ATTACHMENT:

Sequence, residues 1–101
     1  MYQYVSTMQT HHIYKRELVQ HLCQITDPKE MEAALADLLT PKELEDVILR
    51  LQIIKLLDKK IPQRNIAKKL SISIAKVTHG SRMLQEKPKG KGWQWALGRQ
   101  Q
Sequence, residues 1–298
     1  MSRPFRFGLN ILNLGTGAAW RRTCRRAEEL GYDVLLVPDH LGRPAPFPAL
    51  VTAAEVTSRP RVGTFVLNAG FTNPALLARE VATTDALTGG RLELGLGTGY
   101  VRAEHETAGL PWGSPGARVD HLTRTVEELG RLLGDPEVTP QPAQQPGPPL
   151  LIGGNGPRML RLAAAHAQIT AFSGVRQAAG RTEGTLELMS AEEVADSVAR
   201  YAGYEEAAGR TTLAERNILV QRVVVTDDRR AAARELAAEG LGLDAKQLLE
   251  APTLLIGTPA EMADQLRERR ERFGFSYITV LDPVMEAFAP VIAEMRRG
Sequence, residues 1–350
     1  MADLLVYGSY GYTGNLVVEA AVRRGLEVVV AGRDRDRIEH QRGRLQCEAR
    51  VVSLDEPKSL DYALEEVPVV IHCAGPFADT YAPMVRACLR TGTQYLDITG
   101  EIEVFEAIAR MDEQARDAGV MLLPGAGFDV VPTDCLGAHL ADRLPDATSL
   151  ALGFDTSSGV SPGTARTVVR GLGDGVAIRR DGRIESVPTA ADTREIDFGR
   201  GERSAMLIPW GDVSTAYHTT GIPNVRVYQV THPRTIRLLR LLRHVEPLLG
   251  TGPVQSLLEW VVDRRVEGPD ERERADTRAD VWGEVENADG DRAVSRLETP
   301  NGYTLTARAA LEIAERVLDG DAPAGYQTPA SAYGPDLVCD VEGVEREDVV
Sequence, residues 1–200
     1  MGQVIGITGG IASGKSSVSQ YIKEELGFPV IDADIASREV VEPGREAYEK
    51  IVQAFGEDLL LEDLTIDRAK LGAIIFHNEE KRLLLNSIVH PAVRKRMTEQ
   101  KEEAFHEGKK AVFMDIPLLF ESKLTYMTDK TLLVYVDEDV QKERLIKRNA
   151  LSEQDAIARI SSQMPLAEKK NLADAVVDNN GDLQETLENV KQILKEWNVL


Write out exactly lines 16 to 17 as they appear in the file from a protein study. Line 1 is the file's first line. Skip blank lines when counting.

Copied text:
   151  ALGFDTSSGV SPGTARTVVR GLGDGVAIRR DGRIESVPTA ADTREIDFGR
   201  GERSAMLIPW GDVSTAYHTT GIPNVRVYQV THPRTIRLLR LLRHVEPLLG